26th March was a day I’d been looking forward to - the LAM First Aid course presented by Jim Foster at Tatsfield Village Hall (TVH).
The clocks went forward an hour in the small hours, so I was deprived of an hour’s sleep - on top of having to get up earlier than I‘m used to!
I showered, dressed and took the boss her morning tea, then grabbed a bowl of porridge and a cuppa myself. Jim had warned us to take lunch with us - so I prepared my favourite sandwiches with my own home made bread, washed a couple of apples and packed those carefully with two bottles of sparkling water.
Jim had also asked that we take our bike jackets and helmets. As it was raining torrentially and threatened to rain all day, I left my gleaming new Honda NT1100 in the garage and travelled by car to Tatsfield. I’m glad I did as the “river” crossings near Biggin Hill and Tatsfield would have caused me to turn back home! But that said, a couple of hardy Lamkins arrived by bike!
As I introduced myself to Jim, I realised that I’d left my lunch at home on my kitchen table! Thank goodness Jim knew of a small shop nearby and, braving the downpour, I bought myself a couple of sandwiches. Now I’m the “chef” in my home and I make a mean sandwich too. Those shop bought sandwiches were not worth eating. So I didn’t.
After some DIY TVH coffee, kindly made for me by Nigel, another course attender, and after introducing myself to some others, we settled to listen to Jim’s presentation.
Jim quickly displayed an inimitable sense of humour - a bit like in courtroom games played by advocates (I’m a retired solicitor advocate) Jim couldn’t resist reminding me in front of my other 11 classmates of me having forgotten to bring my lunch! His humour got worse too…
Many had taken a first aid course before and some not. But Jim pitched the course at a level we could all follow. Explaining everything from amputation to unconsciousness and choking to heart attacks is no simple job, but Jim achieved it all with humour in spades-full.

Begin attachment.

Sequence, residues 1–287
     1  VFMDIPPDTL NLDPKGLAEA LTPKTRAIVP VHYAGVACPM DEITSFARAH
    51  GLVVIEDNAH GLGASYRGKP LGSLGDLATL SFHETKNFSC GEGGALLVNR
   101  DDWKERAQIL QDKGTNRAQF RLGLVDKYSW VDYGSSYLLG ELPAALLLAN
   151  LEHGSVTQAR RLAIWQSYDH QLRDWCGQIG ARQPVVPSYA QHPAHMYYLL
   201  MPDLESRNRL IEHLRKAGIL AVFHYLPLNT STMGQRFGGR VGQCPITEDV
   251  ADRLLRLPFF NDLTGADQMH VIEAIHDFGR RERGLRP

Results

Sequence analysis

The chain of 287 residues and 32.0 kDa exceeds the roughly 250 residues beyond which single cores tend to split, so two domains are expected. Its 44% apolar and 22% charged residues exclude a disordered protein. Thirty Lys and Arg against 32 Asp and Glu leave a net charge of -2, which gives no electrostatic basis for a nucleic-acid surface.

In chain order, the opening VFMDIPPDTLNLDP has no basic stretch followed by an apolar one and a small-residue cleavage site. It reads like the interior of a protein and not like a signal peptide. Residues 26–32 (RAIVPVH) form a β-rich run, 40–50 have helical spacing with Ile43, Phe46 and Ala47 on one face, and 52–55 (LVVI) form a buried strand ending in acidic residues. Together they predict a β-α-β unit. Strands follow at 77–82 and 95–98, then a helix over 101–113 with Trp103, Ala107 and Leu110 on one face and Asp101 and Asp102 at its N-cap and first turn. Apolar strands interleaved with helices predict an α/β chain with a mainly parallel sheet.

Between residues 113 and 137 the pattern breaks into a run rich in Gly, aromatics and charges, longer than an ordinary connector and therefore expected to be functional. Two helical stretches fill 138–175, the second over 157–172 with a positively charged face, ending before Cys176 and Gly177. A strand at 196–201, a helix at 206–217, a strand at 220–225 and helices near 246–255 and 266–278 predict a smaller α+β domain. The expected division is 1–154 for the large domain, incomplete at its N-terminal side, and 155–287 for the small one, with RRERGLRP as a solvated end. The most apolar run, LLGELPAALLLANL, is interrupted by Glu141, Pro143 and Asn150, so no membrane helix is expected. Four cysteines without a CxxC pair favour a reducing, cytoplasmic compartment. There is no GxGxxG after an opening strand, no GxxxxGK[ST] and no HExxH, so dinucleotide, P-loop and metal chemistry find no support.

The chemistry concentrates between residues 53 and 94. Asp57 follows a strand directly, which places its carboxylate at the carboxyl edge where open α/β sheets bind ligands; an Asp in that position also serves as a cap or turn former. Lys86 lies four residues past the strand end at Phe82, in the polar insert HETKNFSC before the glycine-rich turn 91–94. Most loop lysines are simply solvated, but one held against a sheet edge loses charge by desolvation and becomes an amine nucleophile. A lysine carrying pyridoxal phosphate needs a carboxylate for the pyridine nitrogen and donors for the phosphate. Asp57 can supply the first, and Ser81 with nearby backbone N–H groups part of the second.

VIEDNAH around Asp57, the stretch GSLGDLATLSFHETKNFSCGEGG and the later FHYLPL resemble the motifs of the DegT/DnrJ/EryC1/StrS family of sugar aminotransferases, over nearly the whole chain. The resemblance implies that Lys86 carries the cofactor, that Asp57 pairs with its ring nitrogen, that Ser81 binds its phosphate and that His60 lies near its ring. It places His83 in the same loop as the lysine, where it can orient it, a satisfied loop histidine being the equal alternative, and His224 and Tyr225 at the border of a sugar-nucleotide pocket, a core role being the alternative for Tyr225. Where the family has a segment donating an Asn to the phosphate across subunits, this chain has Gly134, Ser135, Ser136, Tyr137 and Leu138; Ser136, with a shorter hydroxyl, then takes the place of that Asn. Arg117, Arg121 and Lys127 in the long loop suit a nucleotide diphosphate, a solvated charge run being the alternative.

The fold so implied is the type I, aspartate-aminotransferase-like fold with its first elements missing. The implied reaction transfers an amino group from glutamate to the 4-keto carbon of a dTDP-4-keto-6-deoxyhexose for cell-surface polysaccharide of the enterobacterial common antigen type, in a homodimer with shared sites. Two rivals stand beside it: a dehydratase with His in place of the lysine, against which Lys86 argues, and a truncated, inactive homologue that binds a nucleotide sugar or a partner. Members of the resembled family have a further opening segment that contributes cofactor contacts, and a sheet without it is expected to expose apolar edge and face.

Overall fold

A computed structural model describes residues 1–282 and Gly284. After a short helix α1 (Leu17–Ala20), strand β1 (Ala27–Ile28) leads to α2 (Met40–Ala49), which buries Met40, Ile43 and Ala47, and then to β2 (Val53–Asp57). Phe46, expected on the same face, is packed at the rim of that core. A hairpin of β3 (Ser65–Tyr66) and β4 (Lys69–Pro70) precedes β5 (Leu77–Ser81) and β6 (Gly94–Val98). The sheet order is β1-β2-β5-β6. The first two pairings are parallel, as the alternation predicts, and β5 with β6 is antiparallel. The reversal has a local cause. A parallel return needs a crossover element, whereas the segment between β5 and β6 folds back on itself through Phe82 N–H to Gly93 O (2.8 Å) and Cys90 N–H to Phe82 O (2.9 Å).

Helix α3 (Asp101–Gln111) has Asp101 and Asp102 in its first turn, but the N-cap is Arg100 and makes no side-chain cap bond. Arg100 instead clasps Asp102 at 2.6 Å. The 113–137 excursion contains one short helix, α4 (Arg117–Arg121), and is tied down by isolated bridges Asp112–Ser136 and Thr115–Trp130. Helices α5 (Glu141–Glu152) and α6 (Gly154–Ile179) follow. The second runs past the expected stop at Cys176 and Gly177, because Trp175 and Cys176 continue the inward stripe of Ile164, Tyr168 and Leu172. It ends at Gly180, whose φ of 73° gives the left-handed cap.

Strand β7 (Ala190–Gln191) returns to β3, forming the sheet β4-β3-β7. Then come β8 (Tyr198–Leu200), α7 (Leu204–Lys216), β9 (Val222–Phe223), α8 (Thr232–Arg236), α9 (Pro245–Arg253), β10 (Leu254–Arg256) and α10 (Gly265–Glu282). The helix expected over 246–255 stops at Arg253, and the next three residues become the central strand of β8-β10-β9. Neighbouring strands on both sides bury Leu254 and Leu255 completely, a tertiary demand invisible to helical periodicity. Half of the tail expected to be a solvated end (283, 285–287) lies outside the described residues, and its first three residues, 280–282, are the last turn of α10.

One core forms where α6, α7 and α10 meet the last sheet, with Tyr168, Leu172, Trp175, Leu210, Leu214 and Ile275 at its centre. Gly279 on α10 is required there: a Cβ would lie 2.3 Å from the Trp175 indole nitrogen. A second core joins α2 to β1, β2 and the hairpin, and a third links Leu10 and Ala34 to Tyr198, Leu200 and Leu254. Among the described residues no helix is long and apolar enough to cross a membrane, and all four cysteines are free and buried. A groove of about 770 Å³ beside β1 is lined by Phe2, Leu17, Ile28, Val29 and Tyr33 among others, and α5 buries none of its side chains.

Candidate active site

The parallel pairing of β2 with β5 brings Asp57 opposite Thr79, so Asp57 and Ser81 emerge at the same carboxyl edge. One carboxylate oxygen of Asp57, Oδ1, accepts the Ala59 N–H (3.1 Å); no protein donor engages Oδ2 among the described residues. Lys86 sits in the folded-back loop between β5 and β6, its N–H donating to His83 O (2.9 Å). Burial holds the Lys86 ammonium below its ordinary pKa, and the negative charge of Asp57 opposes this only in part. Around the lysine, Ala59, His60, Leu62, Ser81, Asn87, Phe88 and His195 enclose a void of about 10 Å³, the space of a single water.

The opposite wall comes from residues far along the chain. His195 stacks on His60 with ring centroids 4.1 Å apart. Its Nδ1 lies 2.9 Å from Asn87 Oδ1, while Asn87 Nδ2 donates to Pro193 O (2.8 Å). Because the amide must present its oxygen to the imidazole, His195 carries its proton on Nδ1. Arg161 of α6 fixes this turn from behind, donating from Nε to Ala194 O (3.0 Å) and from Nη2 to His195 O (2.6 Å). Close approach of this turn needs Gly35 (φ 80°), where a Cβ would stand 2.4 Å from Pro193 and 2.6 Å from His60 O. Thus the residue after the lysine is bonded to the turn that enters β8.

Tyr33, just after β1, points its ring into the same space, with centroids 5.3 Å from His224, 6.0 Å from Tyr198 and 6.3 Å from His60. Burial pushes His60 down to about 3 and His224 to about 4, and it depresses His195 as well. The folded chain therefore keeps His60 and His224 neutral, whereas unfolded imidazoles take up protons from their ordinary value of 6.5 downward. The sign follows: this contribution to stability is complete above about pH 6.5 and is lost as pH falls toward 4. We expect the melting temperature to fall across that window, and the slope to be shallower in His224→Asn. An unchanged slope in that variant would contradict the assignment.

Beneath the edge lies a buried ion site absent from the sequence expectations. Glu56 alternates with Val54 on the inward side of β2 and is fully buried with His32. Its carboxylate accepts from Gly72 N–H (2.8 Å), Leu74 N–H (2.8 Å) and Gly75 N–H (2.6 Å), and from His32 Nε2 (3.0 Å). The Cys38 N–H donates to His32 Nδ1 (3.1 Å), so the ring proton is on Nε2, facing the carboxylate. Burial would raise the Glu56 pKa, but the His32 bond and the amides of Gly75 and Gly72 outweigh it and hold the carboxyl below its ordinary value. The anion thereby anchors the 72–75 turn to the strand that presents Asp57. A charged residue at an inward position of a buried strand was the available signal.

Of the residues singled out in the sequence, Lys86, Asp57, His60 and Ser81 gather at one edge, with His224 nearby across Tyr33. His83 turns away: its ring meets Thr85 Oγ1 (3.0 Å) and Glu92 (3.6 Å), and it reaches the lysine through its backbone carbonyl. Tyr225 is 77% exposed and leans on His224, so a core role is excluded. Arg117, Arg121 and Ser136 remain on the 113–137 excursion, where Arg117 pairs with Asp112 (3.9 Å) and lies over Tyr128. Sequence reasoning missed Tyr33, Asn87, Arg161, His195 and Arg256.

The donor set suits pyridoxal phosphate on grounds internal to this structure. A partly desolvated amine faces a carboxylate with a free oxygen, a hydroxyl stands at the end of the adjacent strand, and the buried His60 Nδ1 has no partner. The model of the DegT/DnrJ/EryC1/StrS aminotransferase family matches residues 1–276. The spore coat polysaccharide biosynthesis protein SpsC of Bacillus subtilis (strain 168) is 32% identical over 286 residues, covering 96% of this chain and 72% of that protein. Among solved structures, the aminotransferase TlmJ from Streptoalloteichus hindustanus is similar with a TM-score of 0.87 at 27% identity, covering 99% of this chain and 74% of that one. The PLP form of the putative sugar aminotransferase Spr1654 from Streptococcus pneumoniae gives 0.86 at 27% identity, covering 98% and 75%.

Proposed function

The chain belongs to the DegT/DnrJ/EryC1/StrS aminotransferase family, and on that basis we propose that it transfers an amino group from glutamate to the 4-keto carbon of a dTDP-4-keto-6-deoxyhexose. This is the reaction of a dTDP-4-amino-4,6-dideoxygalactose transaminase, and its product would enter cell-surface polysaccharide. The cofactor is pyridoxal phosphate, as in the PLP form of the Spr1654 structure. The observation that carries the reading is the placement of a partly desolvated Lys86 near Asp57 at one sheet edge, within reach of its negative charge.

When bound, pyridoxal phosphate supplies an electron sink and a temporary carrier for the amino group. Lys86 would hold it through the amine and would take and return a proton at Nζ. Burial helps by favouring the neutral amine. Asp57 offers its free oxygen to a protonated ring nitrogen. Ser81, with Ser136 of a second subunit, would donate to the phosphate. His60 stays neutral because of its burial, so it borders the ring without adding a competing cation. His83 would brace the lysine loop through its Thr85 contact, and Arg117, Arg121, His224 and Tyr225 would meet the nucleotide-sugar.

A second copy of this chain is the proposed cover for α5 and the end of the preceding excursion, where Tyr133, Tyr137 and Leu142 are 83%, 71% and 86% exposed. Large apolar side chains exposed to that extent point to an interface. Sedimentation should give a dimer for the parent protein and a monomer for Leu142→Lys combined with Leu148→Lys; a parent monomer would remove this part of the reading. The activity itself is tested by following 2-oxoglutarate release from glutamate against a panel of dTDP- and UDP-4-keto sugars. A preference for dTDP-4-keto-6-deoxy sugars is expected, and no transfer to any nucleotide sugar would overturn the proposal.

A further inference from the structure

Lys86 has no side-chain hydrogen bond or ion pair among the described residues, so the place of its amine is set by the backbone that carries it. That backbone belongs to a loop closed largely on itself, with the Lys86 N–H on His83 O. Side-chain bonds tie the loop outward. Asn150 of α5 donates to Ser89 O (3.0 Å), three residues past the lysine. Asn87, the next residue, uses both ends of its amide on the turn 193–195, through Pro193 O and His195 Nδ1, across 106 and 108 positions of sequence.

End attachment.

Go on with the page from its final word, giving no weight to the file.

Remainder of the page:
We practiced cardio pulmonary resuscitation, recovery positioning and were shown how to apply a tourniquet “to save a life but not the limb”. Useful stuff in every situation…
The only downside was that it was cold in TVH. A visiting alien might have wondered why we had our coats on, sitting there like Eskimos, and why grown men were rolling around the floor wearing bikers’ jackets and full face helmets. But we knew why as Jim had explained all. I guess that the weather will be warmer when the next LAM first aid course is held, so get yourself booked for that ASAP, or you might end up on the cold course next March!
Was it worth attending? A very loud YES! If all I do is to comfort a family member when they cut a finger, and not have to respond to the call “biker down”, and deal with broken limbs, I’ll be happy. But at least I can tackle both now Jim has taught me how to handle many first aid emergencies that life can throw in my direction.
Don’t delay. Book your first aid course with Jim today!
Graham Dobson LAM 3076
About me: I’m 73 and ridden bikes for about 60 years (another story). But I took a break from riding in the 80s until last year, and after a couple of Phoenix courses, I’m now the proud owner of a gleaming new Honda NT1100A. For personal reasons I’ve not yet completed my Assessment or Observed rides, but I’m booked to go to Norfolk at the end of April. I cannot wait!
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